Unconditional Praise (J.M. Green)

December 2, 2008

Thank you for the gifts my pretty angels.
Thank you for a wonderful Father’s Day.
Thank you, Pumpkin, for the tie you purchased
With your allowance. You helped clean dishes
And gathered clippings from the flower beds.
I watched you store half your coins in a porcelain
Pig because you want to go to college.
And the other half, you saved for my tie.
I’m so proud of you. And thank you, Sweet Pea,
For the other tie. You found it
Buried deep in my closet as you scrounged
For something else. You wrapped it with duct tape
And newspaper all by yourself. I like
It better now than when Grandma gave it
To me. I’m so proud of you. And thank you,
My Little Pistol, for the fish. We live
Nowhere near water, and yet, on my lap
Is a dead fish. What magnificent stripes.
And the scales are so shiny. I’m going
To get that chain you gave me for Christmas,
The one you found in the neighbors’ backyard
Hooked to their dog, and I’m going to wear
My fish on casual Friday. I’m proud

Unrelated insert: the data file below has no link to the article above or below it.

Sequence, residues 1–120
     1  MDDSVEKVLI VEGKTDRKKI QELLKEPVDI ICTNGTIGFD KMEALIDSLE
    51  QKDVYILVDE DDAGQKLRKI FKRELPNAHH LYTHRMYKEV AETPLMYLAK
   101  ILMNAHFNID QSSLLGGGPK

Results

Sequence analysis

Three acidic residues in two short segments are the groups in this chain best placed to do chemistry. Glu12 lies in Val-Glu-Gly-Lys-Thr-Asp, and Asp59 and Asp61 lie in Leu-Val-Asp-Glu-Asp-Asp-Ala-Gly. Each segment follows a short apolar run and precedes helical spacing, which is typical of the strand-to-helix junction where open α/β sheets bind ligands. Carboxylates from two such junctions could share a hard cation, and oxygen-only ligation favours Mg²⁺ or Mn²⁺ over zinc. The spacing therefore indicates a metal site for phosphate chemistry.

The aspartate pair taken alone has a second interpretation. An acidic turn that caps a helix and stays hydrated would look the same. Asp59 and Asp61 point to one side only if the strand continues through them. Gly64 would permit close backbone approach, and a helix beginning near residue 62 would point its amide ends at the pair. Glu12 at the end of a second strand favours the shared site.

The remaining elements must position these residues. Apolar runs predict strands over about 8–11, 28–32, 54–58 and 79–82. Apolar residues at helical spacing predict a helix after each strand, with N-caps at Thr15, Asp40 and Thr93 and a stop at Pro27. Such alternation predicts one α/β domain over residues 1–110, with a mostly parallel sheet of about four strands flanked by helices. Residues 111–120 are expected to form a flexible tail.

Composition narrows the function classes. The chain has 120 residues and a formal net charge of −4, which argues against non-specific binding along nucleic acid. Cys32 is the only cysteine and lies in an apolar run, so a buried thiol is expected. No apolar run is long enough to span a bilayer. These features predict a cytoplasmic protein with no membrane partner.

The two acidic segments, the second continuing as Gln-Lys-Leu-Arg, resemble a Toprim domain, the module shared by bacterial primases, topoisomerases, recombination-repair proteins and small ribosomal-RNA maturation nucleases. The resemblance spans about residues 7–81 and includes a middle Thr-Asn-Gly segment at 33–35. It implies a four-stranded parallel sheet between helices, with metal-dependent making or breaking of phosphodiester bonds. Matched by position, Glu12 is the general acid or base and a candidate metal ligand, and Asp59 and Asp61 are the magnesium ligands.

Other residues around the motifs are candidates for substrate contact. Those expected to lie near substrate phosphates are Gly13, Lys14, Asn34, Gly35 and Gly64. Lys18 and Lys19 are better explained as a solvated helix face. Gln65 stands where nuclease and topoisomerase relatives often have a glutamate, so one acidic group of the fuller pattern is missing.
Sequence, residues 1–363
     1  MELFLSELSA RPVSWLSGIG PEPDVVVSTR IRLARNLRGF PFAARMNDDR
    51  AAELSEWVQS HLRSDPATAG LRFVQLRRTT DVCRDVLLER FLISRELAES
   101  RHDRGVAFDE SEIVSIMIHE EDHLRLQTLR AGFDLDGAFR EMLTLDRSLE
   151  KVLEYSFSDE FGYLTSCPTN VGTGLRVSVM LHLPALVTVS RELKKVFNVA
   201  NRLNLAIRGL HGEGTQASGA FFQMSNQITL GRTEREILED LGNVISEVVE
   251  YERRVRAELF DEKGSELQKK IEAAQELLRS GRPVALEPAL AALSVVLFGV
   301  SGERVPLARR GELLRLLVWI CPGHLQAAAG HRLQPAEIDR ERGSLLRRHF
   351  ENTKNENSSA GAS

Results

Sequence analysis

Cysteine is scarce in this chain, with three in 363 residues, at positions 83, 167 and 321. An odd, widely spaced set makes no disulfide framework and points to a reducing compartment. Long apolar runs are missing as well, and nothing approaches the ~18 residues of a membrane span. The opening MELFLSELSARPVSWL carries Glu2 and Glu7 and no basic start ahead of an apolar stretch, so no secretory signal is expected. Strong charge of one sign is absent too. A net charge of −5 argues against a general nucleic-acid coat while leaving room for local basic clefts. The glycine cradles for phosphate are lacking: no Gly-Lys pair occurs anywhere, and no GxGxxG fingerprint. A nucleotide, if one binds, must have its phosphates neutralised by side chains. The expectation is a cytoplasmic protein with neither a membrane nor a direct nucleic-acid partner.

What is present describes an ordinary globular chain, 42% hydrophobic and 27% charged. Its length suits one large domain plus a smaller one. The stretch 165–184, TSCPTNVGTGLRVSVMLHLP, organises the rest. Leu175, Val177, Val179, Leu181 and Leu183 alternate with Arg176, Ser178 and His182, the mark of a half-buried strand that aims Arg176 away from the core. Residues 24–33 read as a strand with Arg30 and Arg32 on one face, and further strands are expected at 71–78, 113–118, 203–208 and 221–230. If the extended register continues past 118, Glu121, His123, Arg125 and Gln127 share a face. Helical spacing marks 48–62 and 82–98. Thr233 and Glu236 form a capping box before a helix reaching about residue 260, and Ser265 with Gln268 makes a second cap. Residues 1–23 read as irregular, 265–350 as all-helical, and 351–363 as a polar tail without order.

Of you too. I’m so proud of all of you.


I lifted this from the latest Forklift, Ohio: A Journal of Poetry, Cooking, and Light Industrial Safety. I’m not familiar with J.M. Green’s other poems, but I liked this one because of the strange balance he establishes and maintains between irony and praise. One cannot read this without immediately sensing a tonal irony. Poems just aren’t written with phrases like “my pretty angels.” But there is also a whimsical quality to this, a kind of baffled praise running through the poem–the affectionate names he gives to his children, keen memories of Father’s Days past, the almost foolish appreciation (if you allow it) for the fish, dead, but with “magnificent stripes.” The fish and the little phrase “casual Friday,” I think, provide a doorway outside of irony. A dead fish is a gift only a “Little Pistol” could think of. And it is the speaker’s appreciation for such madness in his youngest that he is able to respond with his equally mad intentions for Friday’s work attire. This regression from tie to worse tie to dead fish, commensurate with each progressively younger child’s capacity to give gifts, perhaps fixes praise securely within the home where among his pretty angels “unconditional patience” holds sway, while the subtle phrase “casual Friday” locks irony outside it in the dead-fish world of corporate Fridays.

One Response to “Unconditional Praise (J.M. Green)”

  1. I like the change in direction that begins with wrapping the re-gifted tie in duct tape and newspaper: We’re leaving behind the white picket fenced in family and getting to a darker, closed door feeling: American Beauty.

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